While pleasure is great, it’s not the same as happiness.

Pleasure is correlated with happiness, but does not cause it. Someone developing a drug habit, for example, was probably pursuing pleasure but will likely end up far from happiness. Someone having an affair will hurt their loved ones in pursuit of pleasure. The pursuit of immediate pleasure rarely results in long-term satisfaction.

Research shows that people who focus their energy on materialistic and superficial pleasures end up more anxious, more emotionally unstable and less happy in the long run. Pleasure is the most shallow form of life satisfaction and therefore the easiest. Pleasure is what’s marketed to us. It’s what we use to distract ourselves. But pleasure, while necessary, isn’t happiness.

Happiness is about potential.

Completing a marathon makes us happier than eating a chocolate cake. Raising a child makes us happier than beating a video game. Starting a small business and struggling to make money makes us happier than buying a new computer. And the funny thing is that all three of the activities above are exceedingly unpleasant and require setting high expectations and potentially failing to meet them. Yet, they are some of the most meaningful activities of our lives. They involve pain, struggle, even anger and despair, and yet once we’ve done them we look back and feel deep happiness.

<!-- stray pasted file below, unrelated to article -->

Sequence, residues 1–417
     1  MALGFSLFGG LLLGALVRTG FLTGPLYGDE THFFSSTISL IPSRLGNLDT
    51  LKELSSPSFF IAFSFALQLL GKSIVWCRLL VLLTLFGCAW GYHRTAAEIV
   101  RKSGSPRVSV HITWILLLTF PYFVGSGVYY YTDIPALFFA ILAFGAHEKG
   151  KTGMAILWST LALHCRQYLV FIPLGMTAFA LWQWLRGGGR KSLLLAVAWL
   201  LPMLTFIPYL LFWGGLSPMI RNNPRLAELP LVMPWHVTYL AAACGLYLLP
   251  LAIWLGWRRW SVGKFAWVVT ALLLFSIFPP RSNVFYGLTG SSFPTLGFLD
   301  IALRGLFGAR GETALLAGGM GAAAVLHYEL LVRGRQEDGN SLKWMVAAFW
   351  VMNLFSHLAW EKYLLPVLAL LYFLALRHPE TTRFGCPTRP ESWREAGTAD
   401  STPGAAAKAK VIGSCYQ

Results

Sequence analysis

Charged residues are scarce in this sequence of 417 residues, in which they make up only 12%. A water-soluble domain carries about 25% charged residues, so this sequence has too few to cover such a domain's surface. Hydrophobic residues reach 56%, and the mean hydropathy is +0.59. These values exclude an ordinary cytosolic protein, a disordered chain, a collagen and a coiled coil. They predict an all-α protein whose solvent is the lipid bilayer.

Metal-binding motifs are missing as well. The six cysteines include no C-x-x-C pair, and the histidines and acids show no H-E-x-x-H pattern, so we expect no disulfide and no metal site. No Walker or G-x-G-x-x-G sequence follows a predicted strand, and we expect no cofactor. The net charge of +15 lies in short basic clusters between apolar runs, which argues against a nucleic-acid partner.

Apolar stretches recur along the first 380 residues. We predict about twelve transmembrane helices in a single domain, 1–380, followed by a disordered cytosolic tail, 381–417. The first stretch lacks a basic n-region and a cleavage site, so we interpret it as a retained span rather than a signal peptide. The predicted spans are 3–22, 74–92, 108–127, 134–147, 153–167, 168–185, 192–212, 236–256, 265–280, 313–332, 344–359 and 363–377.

Because it’s these sort of activities that allow us to see our potential. It’s the pursuit of fulfilling our ideal selves which grants us happiness, regardless of superficial pleasures or pain, regardless of positive or negative emotions. This is why some people are happy in war and others are sad at weddings. It’s why some are excited to work and others hate parties.

So, if you want to be happy, imagine your potential and step toward it. Dream big and then take action. Stop trying to find ways to be happy and find ways to do your best. Happiness is the byproduct.

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